Civil Procedure Law amendments impact provisions on negotiated jurisdiction

By Vincent Mu, Martin Hu & Partners
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Among the recent amendments to the Civil Procedure Law implemented since 1 January 2013, a significant revision has been made in respect of negotiated jurisdiction in domestic civil cases. The original article 25 reading: “the parties to a contract may agree in the written contract to choose the people’s court of the place where the defendant is domiciled, where the contract is performed, where the contract is signed, where the plaintiff is domiciled, or where the subject matter of the contract is located to be the competent court” has been revised to the current article 34 reading: “the parties in a contractual dispute or other dispute over rights and interests in property may agree in writing to choose the people’s court of a place which has an actual connection with the dispute, such as the place where the defendant is domiciled, where the contract is performed, where the contract is executed, where the plaintiff is domiciled, or where the subject matter of the contract is located, to be the competent court.”

The amended Civil Procedure Law draws on the provisions concerning foreign-related negotiated jurisdiction of article 242 of the original Civil Procedure Law, bringing in the concept of “actual connection” within the scope of negotiated jurisdiction, giving parties in domestic cases a greater freedom of choice. With this change, there are no longer any marked differences in negotiated jurisdiction in domestic and foreign-related cases, with legislators deleting the original article 242, but adding the unified provision on negotiated jurisdiction to article 34 of the new Civil Procedure Law.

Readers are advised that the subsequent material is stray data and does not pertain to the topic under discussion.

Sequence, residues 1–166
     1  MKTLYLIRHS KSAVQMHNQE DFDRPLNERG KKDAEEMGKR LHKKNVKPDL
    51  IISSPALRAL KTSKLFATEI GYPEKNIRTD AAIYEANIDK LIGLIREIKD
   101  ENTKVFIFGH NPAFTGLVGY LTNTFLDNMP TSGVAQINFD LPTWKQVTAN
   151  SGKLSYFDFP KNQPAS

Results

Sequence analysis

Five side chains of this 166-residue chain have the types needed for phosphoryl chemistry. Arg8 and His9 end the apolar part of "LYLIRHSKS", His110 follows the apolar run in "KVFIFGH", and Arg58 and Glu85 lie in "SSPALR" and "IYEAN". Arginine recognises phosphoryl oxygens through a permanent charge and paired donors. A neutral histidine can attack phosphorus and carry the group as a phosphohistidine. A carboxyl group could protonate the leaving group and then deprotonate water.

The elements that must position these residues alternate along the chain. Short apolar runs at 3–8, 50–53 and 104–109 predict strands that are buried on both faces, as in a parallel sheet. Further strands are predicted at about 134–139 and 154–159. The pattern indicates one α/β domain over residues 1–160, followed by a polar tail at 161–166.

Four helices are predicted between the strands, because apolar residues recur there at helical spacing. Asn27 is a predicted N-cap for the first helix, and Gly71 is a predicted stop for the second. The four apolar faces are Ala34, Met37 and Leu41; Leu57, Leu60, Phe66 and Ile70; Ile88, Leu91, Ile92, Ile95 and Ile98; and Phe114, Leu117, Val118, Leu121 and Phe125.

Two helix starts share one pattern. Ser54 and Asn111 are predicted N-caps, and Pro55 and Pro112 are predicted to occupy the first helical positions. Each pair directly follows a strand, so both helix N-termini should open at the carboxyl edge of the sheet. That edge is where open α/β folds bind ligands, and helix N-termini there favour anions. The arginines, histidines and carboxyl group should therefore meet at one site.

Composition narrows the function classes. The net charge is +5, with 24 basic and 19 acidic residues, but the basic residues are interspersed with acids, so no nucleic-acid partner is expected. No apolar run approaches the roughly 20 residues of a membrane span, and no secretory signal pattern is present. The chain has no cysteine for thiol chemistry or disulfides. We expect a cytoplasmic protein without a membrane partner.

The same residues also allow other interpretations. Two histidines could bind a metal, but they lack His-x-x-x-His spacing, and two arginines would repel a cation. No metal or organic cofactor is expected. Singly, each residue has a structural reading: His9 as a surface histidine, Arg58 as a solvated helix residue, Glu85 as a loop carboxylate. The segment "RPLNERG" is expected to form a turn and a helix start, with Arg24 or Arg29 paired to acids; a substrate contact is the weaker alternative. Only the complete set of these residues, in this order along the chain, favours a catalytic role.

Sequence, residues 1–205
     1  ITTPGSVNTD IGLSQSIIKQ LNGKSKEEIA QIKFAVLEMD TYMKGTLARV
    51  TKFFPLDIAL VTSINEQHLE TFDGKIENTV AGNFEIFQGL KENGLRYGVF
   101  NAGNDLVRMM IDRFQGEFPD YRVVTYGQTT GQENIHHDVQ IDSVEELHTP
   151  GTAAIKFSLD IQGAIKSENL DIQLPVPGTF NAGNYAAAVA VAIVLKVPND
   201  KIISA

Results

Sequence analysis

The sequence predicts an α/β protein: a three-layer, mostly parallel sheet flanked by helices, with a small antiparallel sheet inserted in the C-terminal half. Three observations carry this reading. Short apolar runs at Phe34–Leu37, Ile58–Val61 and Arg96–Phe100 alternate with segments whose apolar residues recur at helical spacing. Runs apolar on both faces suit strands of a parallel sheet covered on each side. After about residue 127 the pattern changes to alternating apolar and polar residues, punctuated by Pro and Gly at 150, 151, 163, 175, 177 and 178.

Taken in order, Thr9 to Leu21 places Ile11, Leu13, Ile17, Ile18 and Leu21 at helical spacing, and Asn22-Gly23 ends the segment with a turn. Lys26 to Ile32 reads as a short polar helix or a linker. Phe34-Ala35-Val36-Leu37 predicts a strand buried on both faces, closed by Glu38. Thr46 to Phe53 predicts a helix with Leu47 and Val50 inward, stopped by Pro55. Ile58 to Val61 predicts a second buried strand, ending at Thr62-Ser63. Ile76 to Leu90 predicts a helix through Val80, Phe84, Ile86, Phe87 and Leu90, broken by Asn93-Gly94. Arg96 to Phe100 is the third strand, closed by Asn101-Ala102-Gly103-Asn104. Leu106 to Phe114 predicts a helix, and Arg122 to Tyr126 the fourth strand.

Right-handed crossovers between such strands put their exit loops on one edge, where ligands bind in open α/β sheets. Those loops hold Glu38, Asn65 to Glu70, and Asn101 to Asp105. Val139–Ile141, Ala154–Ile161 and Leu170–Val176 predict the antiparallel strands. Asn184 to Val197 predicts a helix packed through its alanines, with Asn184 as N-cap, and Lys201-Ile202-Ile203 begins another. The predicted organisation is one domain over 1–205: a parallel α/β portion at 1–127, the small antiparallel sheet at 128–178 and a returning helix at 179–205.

Negative impact

The new provisions of article 34 have received wide-ranging praise, being seen as one of the key bright spots in the recent amendments to the Civil Procedure Law. However, the author recently discovered while handling a jurisdiction opposition case that the act of unifying the provision on domestic and foreign-related negotiated jurisdiction has benefited parties in domestic cases, but paradoxically could have a negative impact on parties to foreign-related agreements.

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Vincent Mu is a senior associate at Martin Hu & Partners

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